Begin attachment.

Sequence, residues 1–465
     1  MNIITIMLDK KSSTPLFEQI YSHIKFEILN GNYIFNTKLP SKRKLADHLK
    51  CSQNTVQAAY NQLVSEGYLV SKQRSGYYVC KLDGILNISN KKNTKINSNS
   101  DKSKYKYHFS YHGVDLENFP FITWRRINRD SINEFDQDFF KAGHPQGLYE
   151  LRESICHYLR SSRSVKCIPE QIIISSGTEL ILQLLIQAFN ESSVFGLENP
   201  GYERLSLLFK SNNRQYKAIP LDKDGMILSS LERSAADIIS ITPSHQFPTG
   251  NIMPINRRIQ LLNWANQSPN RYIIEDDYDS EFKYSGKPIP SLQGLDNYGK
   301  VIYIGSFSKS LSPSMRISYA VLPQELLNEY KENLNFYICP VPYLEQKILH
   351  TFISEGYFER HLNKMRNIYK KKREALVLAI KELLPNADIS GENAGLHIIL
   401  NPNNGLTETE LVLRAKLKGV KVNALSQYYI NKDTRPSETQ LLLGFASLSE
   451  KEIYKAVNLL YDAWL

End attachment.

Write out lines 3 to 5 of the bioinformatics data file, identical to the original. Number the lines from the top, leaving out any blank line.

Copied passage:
    51  CSQNTVQAAY NQLVSEGYLV SKQRSGYYVC KLDGILNISN KKNTKINSNS
   101  DKSKYKYHFS YHGVDLENFP FITWRRINRD SINEFDQDFF KAGHPQGLYE
   151  LRESICHYLR SSRSVKCIPE QIIISSGTEL ILQLLIQAFN ESSVFGLENP